Freeport Journal-Standard from Freeport, Illinois on November 22, 1963 · Page 1
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Freeport Journal-Standard from Freeport, Illinois · Page 1

Freeport, Illinois
Issue Date:
Friday, November 22, 1963
Page 1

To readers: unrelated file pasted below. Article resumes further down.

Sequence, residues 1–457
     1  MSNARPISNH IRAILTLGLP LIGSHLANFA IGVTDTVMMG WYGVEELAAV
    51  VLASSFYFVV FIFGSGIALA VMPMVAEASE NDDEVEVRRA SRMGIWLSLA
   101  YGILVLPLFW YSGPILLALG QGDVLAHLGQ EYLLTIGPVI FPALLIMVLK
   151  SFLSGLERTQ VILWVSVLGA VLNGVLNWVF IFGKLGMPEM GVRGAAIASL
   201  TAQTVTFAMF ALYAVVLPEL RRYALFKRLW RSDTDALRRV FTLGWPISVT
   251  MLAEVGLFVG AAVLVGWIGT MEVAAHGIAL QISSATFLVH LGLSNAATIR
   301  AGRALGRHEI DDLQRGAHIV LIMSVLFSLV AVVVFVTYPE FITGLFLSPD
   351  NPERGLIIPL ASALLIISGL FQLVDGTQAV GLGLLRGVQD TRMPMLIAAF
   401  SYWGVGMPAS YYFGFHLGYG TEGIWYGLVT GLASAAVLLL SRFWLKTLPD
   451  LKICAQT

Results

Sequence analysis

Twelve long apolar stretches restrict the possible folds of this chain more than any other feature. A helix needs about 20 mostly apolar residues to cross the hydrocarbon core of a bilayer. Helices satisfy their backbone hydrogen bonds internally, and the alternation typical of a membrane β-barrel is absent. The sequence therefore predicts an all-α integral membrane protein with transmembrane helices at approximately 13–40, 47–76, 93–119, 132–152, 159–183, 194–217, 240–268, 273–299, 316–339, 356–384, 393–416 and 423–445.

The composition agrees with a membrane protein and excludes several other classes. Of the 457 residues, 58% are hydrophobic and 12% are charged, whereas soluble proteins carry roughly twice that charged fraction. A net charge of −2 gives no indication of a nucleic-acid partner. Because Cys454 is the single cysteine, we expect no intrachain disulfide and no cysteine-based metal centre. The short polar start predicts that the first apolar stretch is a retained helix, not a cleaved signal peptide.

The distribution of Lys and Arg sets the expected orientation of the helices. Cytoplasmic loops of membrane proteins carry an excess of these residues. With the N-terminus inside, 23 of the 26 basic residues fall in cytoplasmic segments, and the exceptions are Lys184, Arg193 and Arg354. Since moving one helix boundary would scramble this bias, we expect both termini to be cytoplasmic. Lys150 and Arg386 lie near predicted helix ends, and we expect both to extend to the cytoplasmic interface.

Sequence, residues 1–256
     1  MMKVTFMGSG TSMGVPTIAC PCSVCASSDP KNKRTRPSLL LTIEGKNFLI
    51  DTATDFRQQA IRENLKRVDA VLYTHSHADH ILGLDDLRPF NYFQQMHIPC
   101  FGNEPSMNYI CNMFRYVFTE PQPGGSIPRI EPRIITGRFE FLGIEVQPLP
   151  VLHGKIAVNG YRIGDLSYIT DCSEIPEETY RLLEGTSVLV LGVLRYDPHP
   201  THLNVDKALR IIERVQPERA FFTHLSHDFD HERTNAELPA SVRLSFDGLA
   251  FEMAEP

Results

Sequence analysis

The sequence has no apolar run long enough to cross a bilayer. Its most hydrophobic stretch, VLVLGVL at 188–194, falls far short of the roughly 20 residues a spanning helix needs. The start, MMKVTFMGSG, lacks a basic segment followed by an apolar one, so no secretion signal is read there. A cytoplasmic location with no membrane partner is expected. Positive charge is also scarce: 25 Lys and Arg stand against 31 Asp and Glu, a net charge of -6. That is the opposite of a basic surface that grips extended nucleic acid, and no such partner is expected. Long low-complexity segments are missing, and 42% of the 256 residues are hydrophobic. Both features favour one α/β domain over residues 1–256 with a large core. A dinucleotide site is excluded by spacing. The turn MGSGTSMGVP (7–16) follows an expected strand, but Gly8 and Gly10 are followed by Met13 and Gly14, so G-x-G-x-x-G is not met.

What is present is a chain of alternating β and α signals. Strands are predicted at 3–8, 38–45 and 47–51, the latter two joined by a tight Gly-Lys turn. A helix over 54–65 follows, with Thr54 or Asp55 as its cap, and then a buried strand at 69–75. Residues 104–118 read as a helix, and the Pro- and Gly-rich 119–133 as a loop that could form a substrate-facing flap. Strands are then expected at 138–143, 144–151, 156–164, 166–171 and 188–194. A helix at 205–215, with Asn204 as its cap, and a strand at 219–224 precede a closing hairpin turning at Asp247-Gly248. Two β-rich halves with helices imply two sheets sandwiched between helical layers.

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Shannon To Vote On Bond Issue 117th Year -14 Pages FREEPORT JOURNAL-STANDARD Windy, Much Colder Tonight, Saturday See Page 9 MEMBER ASSOCIATED PRESS AND NBA SERVICE FREEPORT, ILLINOIS, FRIDAY, NOVEMBER 22, 1963 MEMBER AUDIT BUREAU OP CIRCULATIONS TOTAL NET PAID CIRCULATION 17.500 PRICE SEVEN CENTS Arlan's Department Store Announces Plans To Build LOOKING LIKE ITS NAMESAKE, the Army's XV-4A "Hummingbird," demonstrated at Ft. Benning, Ga., hovers motiqnless above the ground, as if it were stuck in the sky. The plane is designed to take off or land straight up or down, creep sideways or hover motionless in the air—and then dart away at speeds better than 500 miles-per-hour. Developed by Lockheed- Georgia research scientists and engineers at Marietta, Ga., the little plane is due to enter Army-directed test program.—AP Photo. 'So Far-So Good' Viet Nam Military Regime Must Win Peasant Support By FRED S. HOFFMAN WASHINGTON (AP) - Top U.S. officials who assessed the post-coup situation in South Viet Nam reportedly concluded the new military regime still must prove it can win support of the Vietnamese peasants. Administration officials who met in Honolulu two days ago with American diplomatic and military leaders from South Viet Nam agreed cautiously that things are going reasonably well so far. Sources familiar with what went on at the Hawaii conferences indicated the report to President Kennedy is unlikely to call for any sharp policy changes. The signs are promising but it may take six months to tell whether the overthrow of the Diem regime has brought victory in the anti-Communist war closer. U.S. officials dp not expect a Democratic regime patterned after the American image to Campus Evangelist's Arrest Sparks U. Of I. Controversy URBANA, 111. (AP)-The arrest of a sidewalk evangelist is the unlikely spark that has set off a controversy over student rights at the University of Illinois. Campus police Monday arrested Richard McMullin, 22, at the card table stand he has tended for 10 weeks near the campus library. University officials, who said they had previously warned him to stop distributing Bibles and religious pamphlets, had him charged with trespassing. The controversy erupted immediately in letters to the school paper, the Daily Illini. "If streets can be lined with beer joints, all of whose licenses could easily have been taken nway for serving minors, why then cannot we allow one man to preach the word of God on Wright St.?" asked one letter. "One gets the distinct impression that the vast machinery of university officialdom has gone mountain climbing over molehills," said another. Lyle H. Lanier, provost of the university, countered: "If the university had continued to allow this to go on, it would have become impossible to consistently enforce regulations governing use of space and university property." The Liberal Discussion Group, an association of campus organizations, Thursday sent a six-point complaint to President David D. Henry, serving notice that existing regulations are exactly what it wants changed. They demanded that the university: Set up a free speech area where anyone could mount a soap box or distribute Bibles undisturbed. Also allow speakers to orate from the auditorium steps. Eliminate the necessity of university groups to submit to the university in advance the names of off-campus speakers. Allow handbills, leaflets and tracts to be distributed anywhere on campus so long as the bearers do not litter or obstruct. The group—which includes representatives of the YMCA, Young Democrats, NAACP and the Student Peace Union—also demanded that the university answer the letter and drop charges against McMullin "to indicate its agreement" with the other demands. The Student Senate is also considering three measures submitted since McMullin's arrest, including r one that goes much farther than any of the demands on the university. That measure asks repeal of the state law which prohibits the use of university facilities by any "subversive, seditious or un-American organization." His trespassing case is scheduled for Dec. 3 before an Urbana justice of the peace. emerge in South Viet Nam This, they believe, is not realistic. What they are hoping for is a government that foreswears brutality and repression — and thus far the military junta seems to be tending in that direction. The Honolulu meeting was told that the peasants who make up the bulk of South Viet Nam's 14-million population still are apathetic. It long has been a cornerstone of U.S. policy that the war against Communist insurgents infesting South Viet Nam cannot be won without the backing of the peasants. Navy Divers Try To Find Pilot Of U2 KEY WEST, Fla. (AP)-Navy divers searched through waters of the Gulf of Mexico today trying to determine the fate of a U2 pilot, Capt. Joe G. Hyde Jr., whose high-flying jet plunged into the ocean northwest of Key West Wednesday. Other Navy vessels and aircraft checked a wide area with a fading hope of finding him. The U2's mission was secret. The Defense Department and Strategic Air Command said the reconnaissance plane probably crashed because of mechanical failure. When it went down, it was out of Cuban antiaircraft gun range, and the radar screen on which it was being traced apparently showed no other aircraft. The Cuban radio commented Thursday that, "the Defense Department does not want to say what the plane was doing when it disappeared." The U2-type planes, capable of operating above 75,000 feet, still fly reconnaissance missions over Cuba, it was disclosed last month. The Air Force -eferred to Hyde's craft as a UW2 and the Defense Department explained this is a designation given the U2 when modified for weather reconnaissance. New Store Will Adjoin Kroger Co. Plans for a new 60,000-square- feet retail sales outlet for Arlan's Department Store, Inc., to be constructed adjacent to the Kroger Co. store on South West Avenue, were announced today. The store, added to the Kroger outlet here, is part of the Freeport Plaza shopping center. According to the developer, A. E. Anding of Arena, Wis., and Herbert Palestine, chairman of the executive committee of Arlan's, construction will begin immediately. Anding is the owner of the Kroger property here. The Freeport Plaza will include, in addition to the Arlan's and Kroger stores, several other stores. Open In Late Spring The opening of the new store is scheduled for late spring 1964. Final leases were signed this morning in New York. The department store will include more than 48 departments. A separate multi-bay service station will be erected on the site. Parking space for 800-900 cars is planned for the plaza center. Arlan's, a self-service department store, now includes more than 45 stores extending as far west as Denver, Colo., and began operations in New Bedford, Mass., in 1947. Total annual sales, according to a company spokesman, are over $102,000,000. Architects for Anding on the project are Ted Rogvoy & Associates of Detroit, Mich. The real estate broker handling the transaction was Arthur Rubloff Co., of Chicago. Other New Projects Each new commercial development in the fringe area requires zoning for Shopping Center use by the City Council, which refers the proposed plans to the City Planning Commission for public hearing and recommendation. Now before the City Planning Commission are the plans for the proposed new Sears Roebuck and J. C. Penney stores, with filling station and total parking for 1,202 cars, to be built beside the Crestwood Piggly Wiggly supermarket. Montgomery Ward & Co. has given the city a letter of intent indicating its interest to acquire property and build a large department store in downtown Freeport, between Douglas and Clark streets. ' Soviet Pair Are Released By Congolese By ROMIN MANNOCK LEOPOLDVILLE, the Congo (AP) — The Congolese government is expelling the Soviet diplomatic mission from Leopoldville for the second time in three years but Premier Cyrille Adoula says he is not severing diplomatic relations with Moscow. The premier charged the Russians Thursday with subversive dealings with antigovernment exiles across the Congo River in neighboring Brazzaville. Adoula set no deadline for Soviet Ambassador Sergei Nemt- china and his 100-member mission to leave but said that the Russians probably would be given 48 hours. Adoula said his government will consider the credentials of any new diplomats the Soviets might want to send. There was no immediate Moscow reaction to the expulsion order. The expulsion order came two days after two Soviet diplomats were manhandled and arrested on their return from Brazzaville, the capital of the Congo Republic. Adoula said he had ordered the relase of the two Soviet diplomats, embassy counsellor Boris Voronin and press attache Yuri Miakotnykh, and of Benik Beknazar - Juzbachev, correspondent of the Soviet Novosti news agency who was arrested early Thursday. A Congolese escort hustled Voronin aboard anairliner for Brussels Thursday night. The correspondent was released and with his wife took refuge in the Soviet Embassy. But the embassy said it had no word of Miakotnykh and had not been informed of Voronin's departure. Voronin arrived unannounced in Brussels this morning and an employe of the Soviet government Aeroflot airlines had to inform the Soviet Embassy of his presence. Embassy representatives kept him from newsmen until he took a Soviet airliner to Moscow several hours later. The Congolese expelled both the Soviet and Czech missions Sept. 16, 1960, after army commander Maj. Gen. Joseph Mobutu seized power from leftist Premier Patrice Lumumba. Lumumba was later slain. The Russians were allowed to return in 1961 after they pledged to respect Congolese sovereignty and to refrain from interfering in internal affairs. Weather Forecast NORTHWEST ILLINOIS Rain ending early tonight, windy and much colder. Low in 20s, highs in lower 30s. Sunrise 6:53; sunset 4:39. Unofficial temperature at 1 p.m., 59. Assassinated In Motorcade DALLAS (AP) — President John F. Kennedy, thirty- sixth president of the United States, was shot to death today by a hidden assassin armed with a high-powered rifle. Kennedy, 46, lived about an hour after a sniper cut him down as his limousine left downtown Dallas. Automatically, the mantle of the presidency fell to Vice President Lyndon B. Johnson, a native Texan who had been riding two cars behind the chief executive. There was no immediate word on when Johnson would ake the oath of office. Kennedy died at Parkland Hospital where his bullet- pierced body had been taken in a frantic but futile effort to save his life. Lying wounded at the same hospital was Gov. John Connally of Texas, who was cut down by the same fusillade that ended the life of the youngest man ever elected to the presidency. Connally and his wife had been riding with the President and Mrs. Kennedy. The First Lady cradled her dying husband's blood- smeared head in her arms PRESIDENT JOHN F. KENNEDY Chicago Judge Smith Plans Return To City CHICAGO (AP)-Judge Cecil Corbett Smith of Municipal Court, barred from the bench because of his long-time relationship with slain hoodlum Leo Foreman, said he would return to Chicago today and ask police to investigate his judicial behavior. Smith, 69, was barred Thursday by Chief Justice Augustine J. Bowe after Bowe reported receiving a telephone call from reputed crime syndicate loan shark Sam De Stefano. Justice Bowe said he had no authority to suspend Smith, but that Smith would receive no cases and would not be assigned a court room until investigations are completed. (The Chicago Tribune quoted Bowe as saying he would recommend that Smith be impeached.) A judge may be impeached only by the Illinois Legislature. But under the judicial reform which becomes effective Jan. 1, the Illinois Supreme Court may establish a commission of five judges to hear evidence and remove a judge from office. Foreman, 42, a former wrestler whose background police said was filled with pettiness, double-dealing and bickering with crime syndicate chiefs, was found dead in the trunk of a car on the West Side Monday. A diary found on Foreman's body named names. Among the names was that of Judge Smith, who befriended Foreman for 20 years. De Stefano telephoned Justice Bowe and asked: "You think Judge Smith is a harmless old man? I put money in the bank to give Smith through Foreman." Smith, who was vacationing in Hot Springs, Ark., went to Memphis Thursday and voluntarily underwent a polygraph test at a private firm. M.D. Burleson Jr., president of the firm, said: "Basically, the judge told the truth, although there were .some questions where there was a reaction." He said 6 of the 52 ques- PLEASE TURN TO PAGE 9 U.N. Designates 1965 As The International Cooperation Year UNITED NATIONS, N.Y. (AP) —The U.N. General Assembly unanimously decided Thursday to designate 1965, the 20th anniversary of the United Nations, as International Cooperation year. U.S. Correspondent's View Moscow Drab; People Not Unhappy [EDITOR'S NOTE - John Lloyd, an Associated Press correspondent since 1925, was assigned to Moscow in 1934-36. Now general executive for The AP in Europe and Africa, he recently went back to Moscow for a visit. Here are his observations.] By JOHN LLOYD LONDON (AP)-If you wanted to buy a chocolate bar and you found it cost $1 you would grumble. If you found that a very small, scrawny, unattractive chicken cost $3 you wouldn't like it at all. Especially if you earned $100 a month. But apartment rent might be $5 or $6 a month. You wouldn't grumble about that. Nor would you object to a 5-cent fare on the subway or bus, anywhere AP Special Report you wanted to go. You would not like paying two weeks' salary for a new dress or perhaps double that for a new suit. But if you were enthusiastic about everybody being alike and about everybody being lifted, en masse, to a better plane of existence, and were not fussy about the time it took, you might go along with the idea. Twenty-seven years ago I was a correspondent in Moscow. Subsequent events took me to various other parts of the world. Only now have I had the opportunity to go back. A city that in my time claimed two million people has six million today. Very wide avenues, straight as a die, cut through it, and five bridges span the broad river where there were next to none before. Apartment houses, all exactly the same but nevertheless large, cover a vast area on the outskirts that formerly was a dump. Moscow has spread as it has grown in population. A furious building enterprise is going on. People still wait for the chance to get proper living quarters. Proper means small rooms and not many, but there is good heat, there is plumbing and for many people it is more than! they have had in the past. i Moscow is drab, and the peo- : pie, from our point of view, i dress drably. There is no ele-l gance, no froth. But they ap-[ pear to be comfortably clad, and they appear, en masse, to I be not unhappy with the circumstances. You can compare Russia only | to its past. You cannot compare I it to the Western world. Our! ways of life are totally differ-1 ent, and that is not wholly a matter of the revolution. Twenty-seven years ago an air of fear cloaked Moscow and j other parts of the Soviet Union, j That now has been much relieved. It still is not easy to mix PLEASE TURN TO PAGE 9 I as the presidential limousine raced to the hospital. "Oh, no," she kept crying. Connally slumped In his seat beside the President. Police ordered an unprecedented dragnet of the city, hunting for the assassin. They believed the fatal shots were fired by a white man, about 30, slender of build, weighing about 165 )ounds, and standing 5 feet 10 nches tall. The murder weapon was reportedly a 30-30 rifle. Asst. presidential press secre- ary Malcolm Kilduff said Johnson was not hit. The new President previously had been reported wounded. Shortly before Kennedy's death became known, he was administered the last rites of the Roman Catholic Church. He had been the first Roman Catholic president in American history. Given Transfusions Even as two clergymen hovered over the fallen President in the hospital emergency room, doctors and nurses administered blood transfusions. Kennedy died of a gunshot wound in the brain at approximately 1 p.m. (CST) according to an announcement by acting White House press secretary Malcolm Kilduff. The new President, Lyndon Johnson, and his wife left the hospital a half hour later. Newsmen had no opportunity to question them. Eyewitness Reports The horror of the assassination was mirrored in an eyewitness account by Sen. Ralph Yarborough, D-Tex., who had been riding three cars behind Kennedy. "You could tell something awful and tragic had happened," the senator told newsmen before Kennedy's death became known. His voice breaking and his eyes red-rimmed, Yarborough said: "I could see a Secret Service man in the President's car leaning on the car with his hands in anger, anguish and despair. 1 knew then something tragic had happened." Three Shots Yarborough had counted three rifle shots as the presidential imousinc left downtown Dallas through a triple underpass. The shots were fired from above- possibly from one of the bridges or from & nearby building. One witness, television reporter Mai Couch, said he saw a gun emerge from an upper story of a warehouse commanding an MRS. KENNEDY CRIED 'OH NO!' unobstructed view of the presidential car. Kennedy was the first president to be assassinated since William McKinley was shot in 1901. It was the first death of a president in office since Franklin D. Roosevelt died of a cerebral hemorrhage at Warm Springs, Ga., in April 1945. It was believed that Kenne- PLEASE TURN TO PAGE 5 Leukemia Cure May Become A Possibility In Today's Paper Page Radio & TV news 2 Social news 4 Obituaries 4 Local news 4, 5, 9 & 11 Editorial 6 Church news 7 & 10 Sports news 8 Market news 11 Amusements 9 Comics 11 Classified Advs 12 & 13 CHICAGO (AP) - Experiments on laboratory animals holds promise of a possible cure j for acute leukemia, a cancer-related disease for which thc-e is now no known cure, a government spokesman says. Dr. Ralph E. Johnson, senior investigator at the National Cancer Institute in Bethesda, Md., reported Thursday he effected cures in 70 per cent of a group of laboratory mice with a combination of chemicals and radiation. The treatment involved giving the mice leukemia-suppressing drugs and then irradiating their brains and spinal columns. "If as indicated by experimental and clinical experience the central nervous system is indeed in some patients the only reservoir of the last few remain- jing leukemia cells following re! mission induction with chemotherapy," Dr. Johnson said. "The possibility of cure in acute leukemia exists today by means of the combined approach," •> A